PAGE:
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Date: Mon, 29 May 2006 17:52:46 +0400
From: Solar Designer <>
Subject: Re: is something wrong ?

On Mon, May 29, 2006 at 07:50:07AM +0200, wrote:
> Benchmarking: Raw MD5 [raw-md5]... DONE
> Raw:    1109K c/s real, 1136K c/s virtual
> g5-admin:/xxxx/xxxx/xxxxx/xxxxxx/JohnTheRipper/run admin$ ./john171 
> --format=raw-md5 -w:dictio.txt -rules crypt.txt
> Loaded 56 password hashes with no different salts (Raw MD5 [raw-md5])
> guesses: 0  time: 0:00:00:10 0%  c/s: 15460K  trying: isiac09
> guesses: 0  time: 0:00:00:30 1%  c/s: 15565K  trying: Gulp36
>  test = 1109K c/s real, 1136K c/s virtual
>  cracking =  c/s: 15565K
>  why so much diffrence ?

The c/s rate reported while cracking is the effective rate at which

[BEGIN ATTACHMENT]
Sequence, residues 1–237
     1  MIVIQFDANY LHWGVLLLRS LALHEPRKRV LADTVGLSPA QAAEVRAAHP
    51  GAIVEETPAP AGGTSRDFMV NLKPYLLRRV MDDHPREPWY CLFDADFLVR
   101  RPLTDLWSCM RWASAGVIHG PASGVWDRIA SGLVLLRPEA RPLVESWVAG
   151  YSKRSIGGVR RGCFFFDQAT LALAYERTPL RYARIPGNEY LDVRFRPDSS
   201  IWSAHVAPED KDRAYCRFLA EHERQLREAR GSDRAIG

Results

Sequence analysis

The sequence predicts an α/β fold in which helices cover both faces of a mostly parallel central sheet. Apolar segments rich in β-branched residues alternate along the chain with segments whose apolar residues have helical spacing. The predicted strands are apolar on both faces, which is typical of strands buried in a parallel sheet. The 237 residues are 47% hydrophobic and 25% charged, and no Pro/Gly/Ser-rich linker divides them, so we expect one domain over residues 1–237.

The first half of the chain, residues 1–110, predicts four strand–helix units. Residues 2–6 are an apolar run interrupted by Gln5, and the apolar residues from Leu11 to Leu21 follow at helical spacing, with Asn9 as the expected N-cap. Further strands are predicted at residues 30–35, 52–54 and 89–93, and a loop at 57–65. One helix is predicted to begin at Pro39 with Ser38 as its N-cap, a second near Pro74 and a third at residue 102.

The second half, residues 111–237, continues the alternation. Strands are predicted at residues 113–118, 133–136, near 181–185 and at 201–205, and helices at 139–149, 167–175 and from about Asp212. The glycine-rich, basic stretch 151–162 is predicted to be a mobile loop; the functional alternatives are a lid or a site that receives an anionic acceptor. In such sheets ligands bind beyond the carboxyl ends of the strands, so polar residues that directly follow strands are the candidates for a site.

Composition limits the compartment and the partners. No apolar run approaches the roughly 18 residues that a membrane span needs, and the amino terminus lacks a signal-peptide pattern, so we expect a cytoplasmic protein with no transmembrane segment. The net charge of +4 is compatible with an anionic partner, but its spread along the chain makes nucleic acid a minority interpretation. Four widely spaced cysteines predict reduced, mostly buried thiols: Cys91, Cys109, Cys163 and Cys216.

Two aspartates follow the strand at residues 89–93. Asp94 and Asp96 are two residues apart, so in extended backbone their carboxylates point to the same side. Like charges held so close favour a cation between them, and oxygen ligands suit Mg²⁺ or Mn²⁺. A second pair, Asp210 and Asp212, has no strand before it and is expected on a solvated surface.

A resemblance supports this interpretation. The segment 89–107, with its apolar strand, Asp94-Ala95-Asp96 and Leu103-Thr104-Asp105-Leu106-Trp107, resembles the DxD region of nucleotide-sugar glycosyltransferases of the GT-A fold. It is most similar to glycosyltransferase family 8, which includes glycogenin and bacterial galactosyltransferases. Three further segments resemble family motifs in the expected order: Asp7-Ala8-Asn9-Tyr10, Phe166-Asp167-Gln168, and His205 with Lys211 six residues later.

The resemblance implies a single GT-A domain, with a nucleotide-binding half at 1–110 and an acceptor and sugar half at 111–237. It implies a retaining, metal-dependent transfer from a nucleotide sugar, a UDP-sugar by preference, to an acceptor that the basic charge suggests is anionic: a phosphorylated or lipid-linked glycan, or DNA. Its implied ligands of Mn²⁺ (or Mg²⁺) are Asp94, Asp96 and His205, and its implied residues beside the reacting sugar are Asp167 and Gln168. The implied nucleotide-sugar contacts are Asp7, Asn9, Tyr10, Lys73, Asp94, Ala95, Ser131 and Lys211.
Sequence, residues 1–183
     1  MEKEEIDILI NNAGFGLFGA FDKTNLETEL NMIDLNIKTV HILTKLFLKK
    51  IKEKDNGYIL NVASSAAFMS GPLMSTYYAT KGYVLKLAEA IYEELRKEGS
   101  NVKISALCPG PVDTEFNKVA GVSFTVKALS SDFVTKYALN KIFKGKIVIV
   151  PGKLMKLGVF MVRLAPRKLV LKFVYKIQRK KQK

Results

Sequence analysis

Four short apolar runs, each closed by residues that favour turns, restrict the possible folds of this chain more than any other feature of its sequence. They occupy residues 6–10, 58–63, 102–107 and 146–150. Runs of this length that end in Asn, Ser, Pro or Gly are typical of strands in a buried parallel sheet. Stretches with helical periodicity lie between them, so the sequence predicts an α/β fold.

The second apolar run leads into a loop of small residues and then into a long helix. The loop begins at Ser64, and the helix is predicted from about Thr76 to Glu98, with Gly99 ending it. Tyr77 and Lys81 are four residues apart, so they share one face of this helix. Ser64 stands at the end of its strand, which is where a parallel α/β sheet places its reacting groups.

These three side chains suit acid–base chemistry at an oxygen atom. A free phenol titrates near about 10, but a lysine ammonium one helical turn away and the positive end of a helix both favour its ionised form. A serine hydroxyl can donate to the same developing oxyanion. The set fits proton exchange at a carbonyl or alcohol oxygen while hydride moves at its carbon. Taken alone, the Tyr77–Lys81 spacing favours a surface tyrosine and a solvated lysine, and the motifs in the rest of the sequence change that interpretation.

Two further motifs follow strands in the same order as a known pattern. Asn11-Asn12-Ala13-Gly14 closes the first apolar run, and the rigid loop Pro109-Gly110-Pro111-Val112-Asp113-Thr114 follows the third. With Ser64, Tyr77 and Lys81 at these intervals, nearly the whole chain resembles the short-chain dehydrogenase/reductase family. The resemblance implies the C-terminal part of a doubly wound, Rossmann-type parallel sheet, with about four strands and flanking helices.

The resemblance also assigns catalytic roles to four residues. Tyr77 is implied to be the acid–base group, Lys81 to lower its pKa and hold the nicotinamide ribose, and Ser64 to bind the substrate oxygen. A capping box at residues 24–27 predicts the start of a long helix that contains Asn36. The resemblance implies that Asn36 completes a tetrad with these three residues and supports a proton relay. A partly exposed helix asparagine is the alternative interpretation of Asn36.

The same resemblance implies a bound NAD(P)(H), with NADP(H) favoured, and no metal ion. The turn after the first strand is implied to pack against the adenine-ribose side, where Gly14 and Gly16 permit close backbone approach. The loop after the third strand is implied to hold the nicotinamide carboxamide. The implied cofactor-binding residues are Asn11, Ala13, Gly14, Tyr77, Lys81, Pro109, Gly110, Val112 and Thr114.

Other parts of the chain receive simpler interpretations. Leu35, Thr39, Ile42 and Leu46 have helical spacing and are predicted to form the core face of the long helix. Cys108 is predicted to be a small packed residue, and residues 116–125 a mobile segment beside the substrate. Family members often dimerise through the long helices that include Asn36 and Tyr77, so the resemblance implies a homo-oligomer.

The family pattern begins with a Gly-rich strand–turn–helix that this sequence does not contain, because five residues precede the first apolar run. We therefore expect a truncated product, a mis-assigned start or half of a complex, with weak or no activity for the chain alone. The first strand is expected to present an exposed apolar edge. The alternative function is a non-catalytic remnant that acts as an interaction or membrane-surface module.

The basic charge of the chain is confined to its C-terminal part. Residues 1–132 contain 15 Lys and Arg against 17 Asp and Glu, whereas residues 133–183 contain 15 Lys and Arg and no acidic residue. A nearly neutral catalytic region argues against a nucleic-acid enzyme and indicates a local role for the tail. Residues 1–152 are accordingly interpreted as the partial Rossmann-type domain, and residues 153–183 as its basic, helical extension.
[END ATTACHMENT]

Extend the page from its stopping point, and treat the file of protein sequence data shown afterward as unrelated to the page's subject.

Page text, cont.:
combinations of {username, candidate password} are tried (even if John
happens to avoid doing those comparisons directly).  It increases along
with the number of loaded hashes per salt.  Since raw MD5 is saltless,
you can expect an effective rate of up to 60M c/s with your 56 hashes on
your CPU, but in practice this is reduced by the processing cost of
generating candidate passwords and doing the comparisons (or rather,
hash table lookups).  You're likely to get a rate somewhere closer to
60M c/s if you use "incremental" and not wordlist mode and you let it
run for a while, yet all of your hashes would remain uncracked (which is
unlikely).  If the number of hashes reduces as some are getting cracked,
the effective c/s rate will reduce too.

BTW, this is very similar to your previous question about c/s rate with
salted hashes -

Alexander Peslyak <solar at>
GPG key ID: B35D3598  fp: 6429 0D7E F130 C13E C929  6447 73C3 A290 B35D 3598 - bringing security into open computing environments

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